Stopping Food Fat From Becoming Body Fat
How would you like to eat as many as the next guy, while he balloons out and you don't? That idea might not be as far-fetched as it sounds.
A new fat-fighting strategy comes from Dr. Robert Farese Jr., a scientist with the UCSF-affiliated Gladstone Institute of Cardiovascular Disease. Farese is probing a fat-morphing enzyme called MGAT. He says MGAT might one day be targeted to prevent fat storage and obesity.
MGAT is found in cells lining the small intestine. It is a gatekeeper for the absorption of fat from nutrients in the gut.
"If you were a caveman, and calories were few and far between, you would want this enzyme," Farese says, "because it helps you take up that energy as quickly as possible and bank it in storage."
But for modern men and women constantly surrounded by calories, MGAT — with its contribution to fatty weight gain — loses its luster.
Another gut enzyme, pancreas lipase, already is the target of a weight loss drug called orlistat (Xenical, Alli). Orlistat prevents this lipase from breaking down dietary fats into smaller bits that can be taken up by the intestinal cells. Instead, the fat is excreted. However, excessive fat consumption while consuming orlistat may result in diarrhea and other unpleasantries.
While fat passes right through people taking orlistat, mice lacking MGAT still absorb fat, Farese finds. But instead of storing the fat molecules in fat tissue, the mice burn it up.
To do the research, reported in the online edition of Nature Medicine, Farese's lab team cloned the MGAT gene and developed a strain of mice that lack the enzyme.
"If they eat a diet that is low in fat, there are no apparent effects. The mice weigh the same as normal mice," Farese says. "However, as soon as we feed the mice a high-fat diet, the wild-type mice gain weight, but the mice that lack this enzyme gain much less weight and accrete much less body fat."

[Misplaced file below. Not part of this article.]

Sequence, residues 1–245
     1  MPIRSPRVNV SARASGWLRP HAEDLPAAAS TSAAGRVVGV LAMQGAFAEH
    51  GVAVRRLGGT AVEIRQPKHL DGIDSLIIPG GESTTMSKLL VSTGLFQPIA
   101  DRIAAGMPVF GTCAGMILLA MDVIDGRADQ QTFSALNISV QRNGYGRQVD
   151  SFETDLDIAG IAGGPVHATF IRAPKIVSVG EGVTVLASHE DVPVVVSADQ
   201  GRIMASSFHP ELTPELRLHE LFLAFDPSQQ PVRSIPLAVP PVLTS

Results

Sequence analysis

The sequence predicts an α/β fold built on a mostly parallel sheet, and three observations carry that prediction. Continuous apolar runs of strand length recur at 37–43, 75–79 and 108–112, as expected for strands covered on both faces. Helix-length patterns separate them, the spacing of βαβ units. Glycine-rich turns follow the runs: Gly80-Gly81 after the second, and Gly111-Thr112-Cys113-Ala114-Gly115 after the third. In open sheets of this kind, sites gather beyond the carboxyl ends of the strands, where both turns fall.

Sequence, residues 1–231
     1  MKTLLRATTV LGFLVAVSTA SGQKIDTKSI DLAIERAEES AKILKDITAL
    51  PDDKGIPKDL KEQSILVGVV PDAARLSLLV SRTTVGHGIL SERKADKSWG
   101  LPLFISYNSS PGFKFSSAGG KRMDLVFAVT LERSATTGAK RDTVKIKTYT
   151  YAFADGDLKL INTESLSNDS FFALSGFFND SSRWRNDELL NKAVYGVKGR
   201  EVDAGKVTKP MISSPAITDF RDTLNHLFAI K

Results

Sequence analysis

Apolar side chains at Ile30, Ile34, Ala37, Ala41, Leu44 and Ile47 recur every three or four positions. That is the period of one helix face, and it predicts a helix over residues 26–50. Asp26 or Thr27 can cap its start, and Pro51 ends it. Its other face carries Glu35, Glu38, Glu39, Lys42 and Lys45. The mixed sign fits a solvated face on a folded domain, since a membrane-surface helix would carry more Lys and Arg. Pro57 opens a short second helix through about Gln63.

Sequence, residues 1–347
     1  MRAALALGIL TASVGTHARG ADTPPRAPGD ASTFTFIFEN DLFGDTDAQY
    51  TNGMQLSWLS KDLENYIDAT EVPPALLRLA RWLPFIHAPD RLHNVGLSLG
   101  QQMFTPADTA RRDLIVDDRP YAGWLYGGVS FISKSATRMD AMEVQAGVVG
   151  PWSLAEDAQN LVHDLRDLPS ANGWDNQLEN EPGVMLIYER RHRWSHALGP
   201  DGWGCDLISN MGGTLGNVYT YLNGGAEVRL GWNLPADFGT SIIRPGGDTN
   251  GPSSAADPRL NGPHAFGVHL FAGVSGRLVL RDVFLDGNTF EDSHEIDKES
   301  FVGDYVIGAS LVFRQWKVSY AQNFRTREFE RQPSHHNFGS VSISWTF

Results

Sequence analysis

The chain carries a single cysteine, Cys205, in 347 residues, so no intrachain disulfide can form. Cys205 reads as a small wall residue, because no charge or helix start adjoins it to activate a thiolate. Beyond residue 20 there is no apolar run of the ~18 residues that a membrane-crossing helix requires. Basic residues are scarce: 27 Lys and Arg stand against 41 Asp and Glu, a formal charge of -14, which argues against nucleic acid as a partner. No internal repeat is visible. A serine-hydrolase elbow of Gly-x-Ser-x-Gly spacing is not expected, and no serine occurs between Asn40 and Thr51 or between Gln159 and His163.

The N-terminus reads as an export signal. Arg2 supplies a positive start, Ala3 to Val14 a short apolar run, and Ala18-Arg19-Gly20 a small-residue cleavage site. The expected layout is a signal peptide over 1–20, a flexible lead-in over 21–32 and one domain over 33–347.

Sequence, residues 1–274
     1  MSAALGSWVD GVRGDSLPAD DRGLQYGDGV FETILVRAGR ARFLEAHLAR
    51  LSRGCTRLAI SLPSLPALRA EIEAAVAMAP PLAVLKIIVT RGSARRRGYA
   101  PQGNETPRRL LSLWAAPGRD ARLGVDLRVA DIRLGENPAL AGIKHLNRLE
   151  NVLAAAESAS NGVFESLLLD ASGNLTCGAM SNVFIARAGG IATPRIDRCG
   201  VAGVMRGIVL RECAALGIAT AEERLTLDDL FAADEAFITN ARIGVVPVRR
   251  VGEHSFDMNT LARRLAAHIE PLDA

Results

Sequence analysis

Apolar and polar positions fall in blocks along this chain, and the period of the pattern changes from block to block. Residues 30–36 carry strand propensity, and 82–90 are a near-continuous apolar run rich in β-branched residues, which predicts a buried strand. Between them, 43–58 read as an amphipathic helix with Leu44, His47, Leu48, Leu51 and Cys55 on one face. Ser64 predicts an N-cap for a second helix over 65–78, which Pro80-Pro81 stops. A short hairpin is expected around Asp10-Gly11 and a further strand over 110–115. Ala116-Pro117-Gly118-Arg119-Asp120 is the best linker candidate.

A svelte physique is one thing, but doctors focus on healthy metabolism. The MGAT-lacking mice fared well in this regard too, Farese notes.
"They have much less susceptibility to disorders associated with obesity, such as insulin resistance, fatty liver or hypercholesterolemia, and high levels of blood lipids," he says.
This higher metabolism of mice missing MGAT is evidenced by measurements of greater oxygen consumption and slightly elevated body temperature.
Fats in food are broken down by enzymes, such as lipase, secreted by the pancreas. Broken-down fats are taken up by the cells lining the small intestine and reconfigured into triglycerides, a form of fat that the body can easily use. The first step toward triglyceride synthesis within these cells involves MGAT.
"We don't know exactly how the lack of this enzyme triggers the effects we observe, but we think it has something to do with the timing of the taking up of the fat," Farese says. "In the absence of the enzyme, the fat enters the bloodstream more slowly through the intestine."
As a result, Farese suggests, molecules that normally work together in a coordinated way to store fat efficiently might become uncoupled.
Translating these new findings from lab rodents into drugs that work in clinical trials, and then for the average Joe, may take a decade or more — if the idea pans out at all. But Farese has an established track record of investigating fat metabolism and storage and identifying potential drug targets.
A decade ago, Farese and members of his lab group discovered how an enzyme called DGAT might be targeted to keep weight under control in mice fed high-fat diets. DGAT is another enzyme involved in the creation of triglycerides. Mice deficient in DGAT eat as much as, but are more active than, their genetically unaltered brethren. As a result, they are less fat.